15 Dec Mindfulness Series: 5 Mindfulness Exercises that Will Help Combat the Holiday Blues
With the Holidays right around the corner it can be a joyful, yet extremely stressful time for the recently reformed substance abuser. Mindfulness exercises are a fantastic way to keep you on track during the stresses of the holiday season. Everyone can benefit from just 10-20 minutes a day of mindfulness practice.
Next on our mindfulness series we would like to empower you with a few exercises and techniques that one can employ to practice mindfulness on a regular day-to-day basis. We all have very convoluted and extremely stressful lifestyles. It is very rare to find five minutes of the day for us, let alone 30 minutes to sit down and think about living in the present. Hopefully these tips and guidelines will show you that mindfulness can be practiced any time, any place, and with regular, continual use you will quickly start to see the effects of its powerful healing abilities.
Exercise One: Mindful Observation
This technique helps us connect to the beauty of our natural environment and can be incredibly powerful. Below is a brief video meant to instruct children on how to practice mindfulness. Studies have recently shown that doing this in schools can lower student anxiety, and help kids self-sooth when they are under stress. Nonetheless it is a simplified version of similar techniques adults can do as well. In the video the instructor begins by asking the students to draw a picture, the persons’ “happy place”. This place can be any place that makes you feel relaxed, and at peace. This technique can also be done simply by just closing your eyes, and imagining that place. You can do this exercise at work, sitting down at your desk, at home before getting ready, or sitting upright on your bed, or even laying down. The position is no issue, so long as you are able to relax, and close your eyes while imagining this wonderful place. The instructor in the video then proceeds to tell the students to close their eyes and transport themselves to this place. Do this for about 10 minutes and just picture yourself being at this location, relaxed, stress-free, enjoying the surrounding. Think about where you are, what you see around you. For example, if you imagine a beach, think about the sun. How does the warmth feel pressing against your skin. The sand, what color is it, how does it feel between your toes. This technique can be even more simplified like this. Say you are at work at your desk. Look around you, find something visually appealing to you and just stare at it for a few minutes. Immerse yourself in this object, look at the color, look at the details of this object, and relax as you explore all the wonders this object has to offer. The point is after just 10 minutes of living in the present, mindfully observing this object it will feel as if weight has lifted, you will feel calmer, relaxed, and ready to start your day.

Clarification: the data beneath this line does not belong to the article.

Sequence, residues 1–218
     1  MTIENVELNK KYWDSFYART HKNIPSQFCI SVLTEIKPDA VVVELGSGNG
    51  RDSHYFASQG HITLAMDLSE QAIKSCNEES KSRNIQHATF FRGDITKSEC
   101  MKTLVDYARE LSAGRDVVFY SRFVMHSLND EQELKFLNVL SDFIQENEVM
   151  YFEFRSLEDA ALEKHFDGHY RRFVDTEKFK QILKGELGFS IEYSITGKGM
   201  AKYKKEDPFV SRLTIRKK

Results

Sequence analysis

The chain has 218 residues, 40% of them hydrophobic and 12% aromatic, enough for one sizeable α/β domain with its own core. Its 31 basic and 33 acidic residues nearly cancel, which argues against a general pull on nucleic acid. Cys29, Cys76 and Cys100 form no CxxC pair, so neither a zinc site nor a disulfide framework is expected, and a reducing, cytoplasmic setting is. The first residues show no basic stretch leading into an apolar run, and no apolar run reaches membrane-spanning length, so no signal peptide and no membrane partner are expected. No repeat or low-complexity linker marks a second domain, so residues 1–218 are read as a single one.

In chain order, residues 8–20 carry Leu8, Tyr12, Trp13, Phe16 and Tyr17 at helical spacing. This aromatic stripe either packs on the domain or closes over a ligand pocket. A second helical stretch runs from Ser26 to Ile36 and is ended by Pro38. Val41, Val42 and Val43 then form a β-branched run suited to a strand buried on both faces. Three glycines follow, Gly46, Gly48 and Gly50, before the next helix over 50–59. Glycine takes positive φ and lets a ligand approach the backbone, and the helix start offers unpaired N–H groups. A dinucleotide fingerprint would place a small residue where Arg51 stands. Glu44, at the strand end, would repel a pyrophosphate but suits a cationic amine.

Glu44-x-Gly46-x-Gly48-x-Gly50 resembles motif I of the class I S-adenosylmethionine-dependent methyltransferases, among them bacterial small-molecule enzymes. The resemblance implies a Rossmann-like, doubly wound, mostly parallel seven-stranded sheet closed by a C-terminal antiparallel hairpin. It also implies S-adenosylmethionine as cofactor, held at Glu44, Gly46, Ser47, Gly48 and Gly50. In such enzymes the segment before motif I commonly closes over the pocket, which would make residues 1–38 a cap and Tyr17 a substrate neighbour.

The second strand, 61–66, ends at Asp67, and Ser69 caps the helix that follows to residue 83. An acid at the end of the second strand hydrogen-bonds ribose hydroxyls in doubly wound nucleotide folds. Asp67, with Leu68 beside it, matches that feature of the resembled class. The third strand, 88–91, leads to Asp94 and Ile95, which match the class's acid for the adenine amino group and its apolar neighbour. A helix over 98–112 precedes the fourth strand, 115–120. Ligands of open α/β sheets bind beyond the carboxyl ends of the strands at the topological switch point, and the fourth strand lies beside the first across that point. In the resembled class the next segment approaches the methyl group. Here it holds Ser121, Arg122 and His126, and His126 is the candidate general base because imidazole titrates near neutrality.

Exercise Two: Mindful Breathing
Probably one of the easier exercises to do, just one minute of focused breathing can help reduce stress. This technique can be done lying down, standing, and practically anywhere for a few minutes. This exercise is especially good for people during a stressful workweek, or right before going into a stressful situation, such as public speaking. You simply start by breathing in and out very slowly. One cycle should last about 5 seconds. Breathe in through you nose and out through your mouth, letting your breath flow without effort in and out of your entire body. Feel your lungs expand and deflate. Think of nothing else, but your breathing. Sit still, block out any other distractions around you, don’t think of things you might have to do later, or the day’s activities, and just think of your breathing. Focus and clear your mind of everything. Focus all your senses on your breathing, Listen to the breathe, feel the breathe, smell the clean crisp air you are breathing. As soon as you concentrate on your breathing you will begin to feel your body relax, your heart rate slow down, and your mood enhance. If you never pictured yourself mediating before, guess what, you are halfway there. Try this technique in combination with others to further enhance the experience.